Almost half of all parents would avail of mental health support services for their children as they return to school post-lockdown — new survey
A new survey by school-age childcare provider Sherpa Kids has found that as many as 47% of parents would avail of mental health support services for their child as they return to school after the Covid-19 lockdown.
The figure rises to as high as 82% among parents who believe that Covid-19 restrictions have already impacted their child's mental health (54%).
Sherpa Kids, which provides school-age childcare in 50 primary schools across Ireland, partnered with Behaviour and Attitudes to carry out the survey in two waves among a total of 1,276 adults, pre Covid and post lockdown in July 2020.
It found that 80% of all parents said that Covid-19 restrictions had impacted their child's routine and 67% their education. 59% said it had impacted their child's development.
A vast majority of parents (91%) felt they were impacted by Covid-19 with their child’s routine (80%), their child’s education (67%) and personal mental health (59%) affected most.
Overall, just under 3 in 10 parents say the restrictions have negatively impacted their child's behaviour. Almost half of all parents (48%) reported no change to their child’s behaviour, while 24% said restrictions have had a positive impact.
Challenges for parents
The lockdown has taken its toll on parents as well. 59% said that the realities of Covid-19 lockdown, such as having to juggle professional work with home-schooling, have negatively impacted their own mental health.
64% of parents said they have found going through lessons and home-schooling "very challenging" or "quite challenging", and 62% said even finding the time to do this has been difficult.
These figures increased with the age of the parent's child; 85% of parents with a teenage child said going through lessons was either very or quite challenging.
60% of parents believe the availability of structured school-age childcare, such as extracurricular activities and supervised homework, would have improved their child's behaviour. This figure reaches 65% among parents aged 18-34 and the same for parents of young children aged 0-4 years.
More than two-thirds (69%) of parents feel that the Government should be providing more mental health and wellbeing supports and assistance to children. 42% believe they should come from local authorities, while 31% believe they should come from childcare providers.
Since the Covid-19 lockdown there has been a significant shift in priorities among parents of children aged 12 and under when choosing school-age childcare.
63% say health and safety measures in line with Covid-19 guidelines is now the key factor in choosing a school-age childcare provider. Cost, which was a key determining factor among 58% of parents in March, has dropped to 36% since lockdown.
John Miles, Managing Director of Sherpa Kids, said:“Whatever their age, children need some form of structure and routine. They need to be socialised with their peers and have clearly demarcated home and school lives. The lockdown has obviously disrupted this structure, as it has for everyone, but the negative consequences cannot be downplayed or swept under the rug.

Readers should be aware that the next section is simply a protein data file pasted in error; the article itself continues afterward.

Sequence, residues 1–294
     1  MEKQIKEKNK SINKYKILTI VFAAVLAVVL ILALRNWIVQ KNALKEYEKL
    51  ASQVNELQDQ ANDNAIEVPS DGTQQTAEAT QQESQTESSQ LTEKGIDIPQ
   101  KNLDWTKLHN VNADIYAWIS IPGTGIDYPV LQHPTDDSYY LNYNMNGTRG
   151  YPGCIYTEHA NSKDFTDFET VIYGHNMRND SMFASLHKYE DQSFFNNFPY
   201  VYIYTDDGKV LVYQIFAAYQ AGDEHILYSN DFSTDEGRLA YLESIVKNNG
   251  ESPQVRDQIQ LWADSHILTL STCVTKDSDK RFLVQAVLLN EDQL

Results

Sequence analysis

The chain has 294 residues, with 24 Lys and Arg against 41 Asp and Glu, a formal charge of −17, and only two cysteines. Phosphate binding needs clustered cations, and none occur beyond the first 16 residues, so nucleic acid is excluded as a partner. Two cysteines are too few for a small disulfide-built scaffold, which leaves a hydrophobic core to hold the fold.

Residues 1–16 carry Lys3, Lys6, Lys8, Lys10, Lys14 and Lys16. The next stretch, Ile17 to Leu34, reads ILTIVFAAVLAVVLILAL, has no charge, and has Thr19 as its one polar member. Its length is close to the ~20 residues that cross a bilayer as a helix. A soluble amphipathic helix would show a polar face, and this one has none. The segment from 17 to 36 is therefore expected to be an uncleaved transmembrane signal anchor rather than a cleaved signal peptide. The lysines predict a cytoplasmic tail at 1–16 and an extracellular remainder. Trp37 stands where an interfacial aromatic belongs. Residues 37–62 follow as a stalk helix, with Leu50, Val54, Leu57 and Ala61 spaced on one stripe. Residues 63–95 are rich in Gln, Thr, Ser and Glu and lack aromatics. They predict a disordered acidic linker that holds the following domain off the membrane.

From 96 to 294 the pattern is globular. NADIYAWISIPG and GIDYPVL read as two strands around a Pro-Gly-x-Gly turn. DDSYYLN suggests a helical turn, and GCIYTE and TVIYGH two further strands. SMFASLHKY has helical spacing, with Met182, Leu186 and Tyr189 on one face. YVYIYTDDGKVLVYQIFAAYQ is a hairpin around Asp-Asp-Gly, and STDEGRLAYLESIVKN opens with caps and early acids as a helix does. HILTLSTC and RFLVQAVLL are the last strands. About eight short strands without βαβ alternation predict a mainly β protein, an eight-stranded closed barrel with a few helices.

“The majority of parents have found it challenging to home-school their children. Our experience tells us that while it is possible for parents to juggle teaching and professional duties, parents generally cannot devote time to both. This has created a tenser, more stressful home life.
“What is particularly concerning is the effect of lockdown on children’s mental health. Most parents have reported adverse changes to their child’s routine, education, and personal development because of restrictions on their schooling and social life.
“This manifests in the significant demand for mental health support services for returning schoolchildren, which most parents believe should come from the Government. Over the long-term, Covid-safe afterschool care can provide children with a socially rich environment that stimulates their creativity, skills learning, and physical health.
“We believe the best place to deliver these services is in the school setting. We have partnered with Buddy Bench to form Sherpa Buddies which is a preventative /early intervention child’s mental health programme that will be monitored by our senior onsite managers.
“As a society, we owe it to our children to give them the best possible start in life. We need to make sure that Covid-19 and the lockdown do not leave a permanent mark on this young generation’s education and career prospects.”
Mental health initiative
Sherpa Kids has recently partnered with youth mental health initiative Buddy Bench, a not for profit Irish organisation, which teaches younger children positive mindset, resilience, kindness, coping strategies, and interpersonal and social media relationship skills. Buddy Bench has already taught 60,000 students in 330 schools. Sherpa Kids is a key strategic partner for Buddy Bench in the school aged childcare sector.
The Buddy Bench initiative supports the other elements of the Sherpa Kids strategy which includes free play, nutrition and health initiatives, Buddy Bench will live in all 50 Sherpa Kids primary schools by December 2020.